“Each time Serbia makes a step away from the EU is bad enough and the possible penalties that are mentioned would be disastrous for both the economy and the citizens. That is why I believe that Serbia will harmonize its visa policy very quickly, because, without harmonization with the common European foreign and security policy, there will be no progress in the accession process either,” Suzana Grubješić from the Foreign Policy Centre says for Danas daily in reaction to the Frankfurter Allgemeine Zeitung article which says that Serbia should not be conditioned by the termination of accession negotiations with the European Union and that Serbia would only react if the EU abolished the visa-free regime for Serbian citizens which facilitates visa-free travel to the Schengen area.
Grubješić says that no one can replace the EU as the largest donor, investor and trade partner in the short term, neither the USA, nor China, and especially not Russia.
“Therefore, harmonization with European policies is still imperative, because we depend on it existentially. The other side of the coin is the possibility of becoming an EU member within a reasonable period of time, which does not depend much on Serbia or the other accession candidates, but primarily on the political agreement of the member states on the further expansion of the Union,” Grubješić adds.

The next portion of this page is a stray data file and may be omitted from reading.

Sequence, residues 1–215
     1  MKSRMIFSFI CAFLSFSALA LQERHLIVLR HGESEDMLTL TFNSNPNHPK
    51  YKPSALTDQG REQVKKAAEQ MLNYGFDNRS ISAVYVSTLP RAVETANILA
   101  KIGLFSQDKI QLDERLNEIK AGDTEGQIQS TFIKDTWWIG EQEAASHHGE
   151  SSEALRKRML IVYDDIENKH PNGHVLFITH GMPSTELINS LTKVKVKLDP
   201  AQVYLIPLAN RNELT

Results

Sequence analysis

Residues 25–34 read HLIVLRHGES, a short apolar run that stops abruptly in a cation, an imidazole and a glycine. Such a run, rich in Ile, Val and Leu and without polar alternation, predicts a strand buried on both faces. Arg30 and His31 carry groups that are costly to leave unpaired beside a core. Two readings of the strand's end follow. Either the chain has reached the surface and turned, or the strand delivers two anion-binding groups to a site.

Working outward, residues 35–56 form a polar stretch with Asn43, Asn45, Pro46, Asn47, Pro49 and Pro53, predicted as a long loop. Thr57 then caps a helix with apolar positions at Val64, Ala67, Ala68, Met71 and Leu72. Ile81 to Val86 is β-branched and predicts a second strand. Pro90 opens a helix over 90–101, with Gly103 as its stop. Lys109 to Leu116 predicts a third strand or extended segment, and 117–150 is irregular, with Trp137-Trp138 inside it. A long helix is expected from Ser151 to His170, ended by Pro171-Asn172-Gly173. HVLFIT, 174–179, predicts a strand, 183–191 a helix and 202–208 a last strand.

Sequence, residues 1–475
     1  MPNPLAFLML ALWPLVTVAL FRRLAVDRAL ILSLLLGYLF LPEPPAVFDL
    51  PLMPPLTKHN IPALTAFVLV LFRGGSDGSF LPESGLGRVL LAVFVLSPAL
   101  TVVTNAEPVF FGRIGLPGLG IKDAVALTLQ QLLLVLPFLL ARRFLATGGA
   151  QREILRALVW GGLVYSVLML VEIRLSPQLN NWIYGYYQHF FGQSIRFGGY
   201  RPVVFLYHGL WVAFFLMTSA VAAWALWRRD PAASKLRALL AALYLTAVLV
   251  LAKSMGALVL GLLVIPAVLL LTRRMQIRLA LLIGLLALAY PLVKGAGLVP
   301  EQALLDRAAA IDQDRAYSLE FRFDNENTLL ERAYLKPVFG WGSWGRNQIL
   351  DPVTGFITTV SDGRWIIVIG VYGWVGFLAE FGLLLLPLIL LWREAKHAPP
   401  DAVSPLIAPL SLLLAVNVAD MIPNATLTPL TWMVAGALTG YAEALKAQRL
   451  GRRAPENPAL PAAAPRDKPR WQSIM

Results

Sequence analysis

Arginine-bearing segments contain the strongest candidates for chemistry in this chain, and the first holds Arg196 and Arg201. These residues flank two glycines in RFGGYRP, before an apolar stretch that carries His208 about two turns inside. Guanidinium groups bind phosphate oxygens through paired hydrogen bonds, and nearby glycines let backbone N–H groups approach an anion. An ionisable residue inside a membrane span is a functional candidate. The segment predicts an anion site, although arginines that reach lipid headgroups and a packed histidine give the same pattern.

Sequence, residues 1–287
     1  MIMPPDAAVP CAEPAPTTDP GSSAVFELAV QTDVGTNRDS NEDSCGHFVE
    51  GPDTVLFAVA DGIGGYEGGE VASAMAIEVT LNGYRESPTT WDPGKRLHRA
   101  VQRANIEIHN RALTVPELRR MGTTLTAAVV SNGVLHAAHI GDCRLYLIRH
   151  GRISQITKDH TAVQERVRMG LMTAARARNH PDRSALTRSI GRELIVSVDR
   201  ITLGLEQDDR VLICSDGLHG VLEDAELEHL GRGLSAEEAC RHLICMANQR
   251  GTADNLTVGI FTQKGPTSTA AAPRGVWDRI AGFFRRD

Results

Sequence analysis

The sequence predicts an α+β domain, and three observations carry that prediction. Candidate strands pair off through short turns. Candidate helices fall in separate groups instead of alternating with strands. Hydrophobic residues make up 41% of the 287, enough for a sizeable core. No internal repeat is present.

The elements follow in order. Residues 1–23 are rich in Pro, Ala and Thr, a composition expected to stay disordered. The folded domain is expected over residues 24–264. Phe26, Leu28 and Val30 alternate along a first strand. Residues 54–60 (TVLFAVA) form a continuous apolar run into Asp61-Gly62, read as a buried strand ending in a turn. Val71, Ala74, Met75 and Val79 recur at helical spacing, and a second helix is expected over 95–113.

Frankfurter Allgemeine Zeitung writes that it is not worth threatening Serbia with the termination of accession negotiations with the European Union, because at the moment, joining the EU is as realistic as going to Mars. But visa-free travel is another matter.
Lately, Serbia has been accused of “trying to destabilize the EU at the behest of Russia”, writes Frankfurter Allgemeine Zeitung and adds “this is reminiscent of the claim of Konstantin Kuhle, deputy head of the Liberal parliamentary group in the Bundestag, who stated that “the Serbian government is Putin’s extended arm in the Balkans”, as well as Michael Stibgen, the Christian Democrat Minister of the Interior of the Brandenburg province, who said the same.”
Namely, they claimed that Serbia is purposefully letting people from India, Tunisia, Burundi or Cuba into the country without visas so that they can proceed to travel to the EU and seek asylum. Stibgen called it “asylum tourism” that Serbia supports. German politicians demanded that Belgrade’s negotiations on EU accession or money from pre-accession funds be reviewed, reports Deutsche Welle.
Frankfurter Allgemeine writes further: “Doubts about Serbia are understandable, but in this case unsustainable. Trust in Serbia has diminished somewhat because the country did not impose sanctions against Russia, but the accusations that Serbia, is undermining the EU, on Putin’s orders, by encouraging irregular migration are misdirected.”
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